War of the Rebellion: Serial 024 Page 0356 WEST TENN. AND NORTHERN MISS. Chapter XXIX.

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Volunteers the only officer who came under notice of myself and staff as failing to do his best, neglected to do his duty at that trying time.

Lieutenant-Colonel McDermott, of the Fifteenth Regiment Michigan Volunteers, his officers and men, deserve the highest praise. All but one did their whole duty-for six days continually under arms, skirmishing against a whole army.

You could not with justice particularize individuals. All worked effectively, even our chaplain Father Brady respected and beloved by all his flock, both Catholic and Protestant, for his kindness and good offices, was with me under the hottest fire, and volunteers to go for ammunition, and, when brought up, I think helped to give it out.

Colonel Hancock and his regiment the Fourteenth Wisconsin Volunteers, there was no discount on. Always steady, cool, and vigorous, this regiment was the one to rely upon in any emergency. Though suffering more loss than any regiment in the command, they maintained their lines and delivered their fire with all the coolness and precision which could have been maintained upon drill.

Colonel Bouck, cool and sagacious, with his gallant Eighteenth Regiment Wisconsin Volunteers,while with us did most effectual service; was detached to guard Smith's Bridge, which he afterward, by order, destroyed, and brought his command into the division in excellent order.

Captain Ford and his company of cavalry were in the saddle night and day. Zealous and fearless, officers and men alike seemed desirous of doing and did do their duty.

The section of First Minnesota Battery, under command of Second Lieutenant Clayton was well served, and did great apparent execution. The manner in which he handled his pieces elicited the commendation of all who saw him.

Six companies of the Eighteenth Regiment Missouri Volunteers had been some time since detached to guard the railroad some miles toward Bethel and the remaining four companies, under command of Captain Ault, joined us when we fell back to your division. This battalion, to gather with the Twenty-first Regiment Missouri Volunteers and the Sixteenth and Seventeenth Regiments Wisconsin Volunteers, were under my command during the pursuit of the enemy. To the officers and men of these obedience to all orders.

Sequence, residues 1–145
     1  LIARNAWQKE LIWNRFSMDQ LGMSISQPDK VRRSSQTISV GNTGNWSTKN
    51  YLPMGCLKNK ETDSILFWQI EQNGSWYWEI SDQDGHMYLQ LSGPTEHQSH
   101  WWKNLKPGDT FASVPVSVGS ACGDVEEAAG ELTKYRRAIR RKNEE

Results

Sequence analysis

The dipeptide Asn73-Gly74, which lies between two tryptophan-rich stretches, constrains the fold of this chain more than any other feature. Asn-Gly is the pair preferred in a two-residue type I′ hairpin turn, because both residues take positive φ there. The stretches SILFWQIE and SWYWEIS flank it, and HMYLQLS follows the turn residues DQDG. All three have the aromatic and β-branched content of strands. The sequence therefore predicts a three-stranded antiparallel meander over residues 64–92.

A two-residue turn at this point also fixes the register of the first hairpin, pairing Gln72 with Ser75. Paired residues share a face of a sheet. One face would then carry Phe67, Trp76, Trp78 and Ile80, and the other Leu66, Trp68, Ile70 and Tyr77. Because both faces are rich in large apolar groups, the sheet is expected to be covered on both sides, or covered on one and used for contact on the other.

To my personal staff great praise is due. Lieutenant James G. McBridge acting adjutant, was of great use in the operations before Corinth and in the pursuit of the enemy. Active and industrious,all regretted that, through sickness, he was unable to be with us during the whole time. Lieutenant Frederick S. Hutchinson acting brigade quartermaster, was on the field acting is all capacities, and by his conspicuous gallantry endeared himself to all. For their intelligent, and cheerful obedience to every order. I desire to tender my sincere thanks to the officers and men of my entire command.

To the Second Brigade of your division is the honor due of checking the advance of the rebel host for a whole day, and by their bitter fight on Friday forenoon enabling other divisions to take their positions, forcing the enemy to that point which soon destroyed their morale, and forcing the enemy to that point which soon destroyed their morale, and changed a fine army, flushed with the anticipation of a speedily victory, into a flying, disorganized mob, with wild defeat and frantic with terror.

With much respect, I am, your servant,

JOHN M. OLIVER,

Colonel Fifteenth Michigan Infty. Vols., Commanding Second Brigadier

Captain J. BATES DICKSON,

Assistant Adjutant-General, Sixth Division.